The lesbian advocate who pioneered same-sex marriage
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On June 16, Del Martin wed her partner of 55 years, Phyllis Lyon, in California’s first legal gay marriage. Though she died following complications from a broken arm less than three months later, Martin symbolized the movement of gay and lesbian couples from society’s fringes into the American mainstream.
Born Dorothy Taliaferro, she married James Martin at 19 but was divorced four years later, said the San Francisco Chronicle. She met Lyon in Seattle in 1950, while both were working for a trade publication. “Their friendship turned into a romance.” Together in San Francisco in 1955 they founded the Daughters of Bilitis, “named after a 19th-century book of lesbian love poetry,” and agitated for gay rights. “Nothing was ever accomplished by hiding in a dark corner,” Martin declared. “Why not discard the hermitage for the heritage that awaits any red-blooded American woman who dares to claim it?”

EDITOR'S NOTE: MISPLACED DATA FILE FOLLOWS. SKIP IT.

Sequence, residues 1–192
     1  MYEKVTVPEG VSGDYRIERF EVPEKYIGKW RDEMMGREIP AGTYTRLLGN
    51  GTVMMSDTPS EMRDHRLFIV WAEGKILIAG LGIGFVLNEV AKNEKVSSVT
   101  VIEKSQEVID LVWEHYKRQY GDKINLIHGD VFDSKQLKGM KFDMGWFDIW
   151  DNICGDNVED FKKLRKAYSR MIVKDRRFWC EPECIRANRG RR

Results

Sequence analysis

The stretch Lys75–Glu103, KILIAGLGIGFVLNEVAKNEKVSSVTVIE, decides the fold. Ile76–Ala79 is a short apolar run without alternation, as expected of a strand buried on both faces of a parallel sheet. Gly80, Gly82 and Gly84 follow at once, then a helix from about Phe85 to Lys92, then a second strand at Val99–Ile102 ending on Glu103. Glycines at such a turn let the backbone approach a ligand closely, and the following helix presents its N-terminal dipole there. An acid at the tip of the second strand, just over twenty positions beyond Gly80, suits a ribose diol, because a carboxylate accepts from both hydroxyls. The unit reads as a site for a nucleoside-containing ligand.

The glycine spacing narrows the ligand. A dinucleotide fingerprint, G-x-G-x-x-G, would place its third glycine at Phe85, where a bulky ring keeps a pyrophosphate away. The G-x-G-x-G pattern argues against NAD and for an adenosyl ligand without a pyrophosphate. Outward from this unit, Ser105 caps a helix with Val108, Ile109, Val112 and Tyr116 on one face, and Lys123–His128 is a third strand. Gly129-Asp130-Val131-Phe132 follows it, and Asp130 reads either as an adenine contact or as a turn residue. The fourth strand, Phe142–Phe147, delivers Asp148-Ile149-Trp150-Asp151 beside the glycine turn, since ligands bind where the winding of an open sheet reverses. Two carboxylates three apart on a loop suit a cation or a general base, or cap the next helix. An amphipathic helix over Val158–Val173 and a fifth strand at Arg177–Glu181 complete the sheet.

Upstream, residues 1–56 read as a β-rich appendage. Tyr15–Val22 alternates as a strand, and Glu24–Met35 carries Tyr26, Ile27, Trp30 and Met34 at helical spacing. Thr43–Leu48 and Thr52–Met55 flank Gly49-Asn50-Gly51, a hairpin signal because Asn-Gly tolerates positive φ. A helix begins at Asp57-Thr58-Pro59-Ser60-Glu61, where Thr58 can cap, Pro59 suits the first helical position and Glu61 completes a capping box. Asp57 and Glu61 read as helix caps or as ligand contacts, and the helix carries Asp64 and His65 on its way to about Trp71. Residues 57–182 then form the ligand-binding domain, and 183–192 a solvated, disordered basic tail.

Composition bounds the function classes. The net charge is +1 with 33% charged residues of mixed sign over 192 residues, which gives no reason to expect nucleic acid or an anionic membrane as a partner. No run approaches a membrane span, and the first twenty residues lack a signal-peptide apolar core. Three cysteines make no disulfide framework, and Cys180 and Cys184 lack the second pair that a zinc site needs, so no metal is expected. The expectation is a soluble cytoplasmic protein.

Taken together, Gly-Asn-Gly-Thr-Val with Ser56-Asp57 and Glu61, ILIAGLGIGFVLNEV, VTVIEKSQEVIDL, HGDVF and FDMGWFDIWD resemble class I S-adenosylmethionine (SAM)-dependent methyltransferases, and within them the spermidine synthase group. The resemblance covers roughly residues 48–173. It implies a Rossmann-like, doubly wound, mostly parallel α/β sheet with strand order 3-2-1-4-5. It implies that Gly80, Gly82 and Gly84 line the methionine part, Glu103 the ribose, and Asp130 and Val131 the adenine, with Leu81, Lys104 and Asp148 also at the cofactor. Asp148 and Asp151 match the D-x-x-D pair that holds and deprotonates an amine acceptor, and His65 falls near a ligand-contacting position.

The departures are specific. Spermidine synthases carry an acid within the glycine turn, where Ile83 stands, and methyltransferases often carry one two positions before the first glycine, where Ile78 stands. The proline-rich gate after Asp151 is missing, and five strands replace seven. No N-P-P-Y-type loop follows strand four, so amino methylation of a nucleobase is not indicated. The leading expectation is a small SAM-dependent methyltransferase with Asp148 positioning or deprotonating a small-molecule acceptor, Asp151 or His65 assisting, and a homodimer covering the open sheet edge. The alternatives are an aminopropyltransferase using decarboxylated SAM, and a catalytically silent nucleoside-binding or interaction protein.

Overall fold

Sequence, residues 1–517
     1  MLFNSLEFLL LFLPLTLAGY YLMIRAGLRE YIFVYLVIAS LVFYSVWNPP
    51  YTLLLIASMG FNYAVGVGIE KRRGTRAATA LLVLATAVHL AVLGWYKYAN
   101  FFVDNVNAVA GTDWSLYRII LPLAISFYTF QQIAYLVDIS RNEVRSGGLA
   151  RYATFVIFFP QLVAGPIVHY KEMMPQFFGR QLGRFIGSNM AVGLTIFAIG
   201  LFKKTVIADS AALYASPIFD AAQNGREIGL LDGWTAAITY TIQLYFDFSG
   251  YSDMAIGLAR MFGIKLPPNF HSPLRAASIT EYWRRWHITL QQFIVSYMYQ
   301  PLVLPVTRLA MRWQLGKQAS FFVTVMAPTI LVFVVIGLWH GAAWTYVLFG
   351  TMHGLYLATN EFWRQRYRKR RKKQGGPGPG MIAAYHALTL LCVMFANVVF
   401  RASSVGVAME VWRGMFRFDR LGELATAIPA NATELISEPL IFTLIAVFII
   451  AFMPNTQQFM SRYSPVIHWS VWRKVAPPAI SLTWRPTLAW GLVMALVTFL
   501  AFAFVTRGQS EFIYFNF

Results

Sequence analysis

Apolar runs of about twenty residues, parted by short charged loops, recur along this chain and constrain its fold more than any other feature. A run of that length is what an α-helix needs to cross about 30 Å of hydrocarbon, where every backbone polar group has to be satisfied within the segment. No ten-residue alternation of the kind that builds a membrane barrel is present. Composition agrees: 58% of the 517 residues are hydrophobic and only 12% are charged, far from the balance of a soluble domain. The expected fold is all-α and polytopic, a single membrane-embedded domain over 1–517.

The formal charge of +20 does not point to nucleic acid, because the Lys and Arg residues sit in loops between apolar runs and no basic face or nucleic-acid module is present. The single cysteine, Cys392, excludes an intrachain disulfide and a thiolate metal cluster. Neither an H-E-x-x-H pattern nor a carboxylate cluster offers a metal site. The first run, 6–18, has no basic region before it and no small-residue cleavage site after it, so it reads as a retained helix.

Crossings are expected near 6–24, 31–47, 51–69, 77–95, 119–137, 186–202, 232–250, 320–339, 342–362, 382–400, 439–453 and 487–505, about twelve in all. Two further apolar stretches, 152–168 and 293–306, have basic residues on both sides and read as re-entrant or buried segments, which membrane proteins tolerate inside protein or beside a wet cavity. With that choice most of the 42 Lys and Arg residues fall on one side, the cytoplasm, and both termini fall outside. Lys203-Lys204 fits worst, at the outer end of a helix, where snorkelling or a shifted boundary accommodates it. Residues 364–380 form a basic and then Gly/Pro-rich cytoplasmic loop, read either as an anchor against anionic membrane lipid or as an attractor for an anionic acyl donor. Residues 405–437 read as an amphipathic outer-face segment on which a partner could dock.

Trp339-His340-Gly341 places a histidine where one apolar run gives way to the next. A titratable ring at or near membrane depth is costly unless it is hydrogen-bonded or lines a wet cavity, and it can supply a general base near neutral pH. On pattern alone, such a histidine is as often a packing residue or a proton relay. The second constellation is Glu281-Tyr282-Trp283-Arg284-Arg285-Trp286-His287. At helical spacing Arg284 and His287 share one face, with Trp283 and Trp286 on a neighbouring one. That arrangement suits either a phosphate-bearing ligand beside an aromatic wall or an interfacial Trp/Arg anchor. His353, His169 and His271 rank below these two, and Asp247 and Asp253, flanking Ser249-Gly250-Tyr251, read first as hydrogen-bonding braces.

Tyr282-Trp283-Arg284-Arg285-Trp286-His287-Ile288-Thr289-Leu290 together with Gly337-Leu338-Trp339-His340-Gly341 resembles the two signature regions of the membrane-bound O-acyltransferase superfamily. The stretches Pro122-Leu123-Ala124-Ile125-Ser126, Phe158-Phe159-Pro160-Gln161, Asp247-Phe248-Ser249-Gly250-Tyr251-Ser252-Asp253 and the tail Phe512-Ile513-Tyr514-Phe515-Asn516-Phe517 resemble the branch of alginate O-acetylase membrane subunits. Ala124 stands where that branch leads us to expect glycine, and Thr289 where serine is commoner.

Martin was a tireless advocate, said the Los Angeles Times. She lobbied local lawmakers to “modify the sex laws that criminalized homosexual behavior” and helped convince the American Psychiatric Association “to take homosexuality off its list of mental disorders.” She was also the first lesbian on the board of directors of the National Organization for Women. On Feb. 12, 2004, in a historic ceremony, Martin and Lyon married in San Francisco. The California Supreme Court soon invalidated their union and 4,000 other gay weddings that Mayor Gavin Newsom had licensed. But an appeal led to a reversal that went into effect at 5 p.m. on June 16, and Newsom joined Martin and Lyon again. “Holding hands during the six-minute ceremony, the two women recited their vows with tears welling in their eyes. Ceremony over, the room erupted in cheers.”
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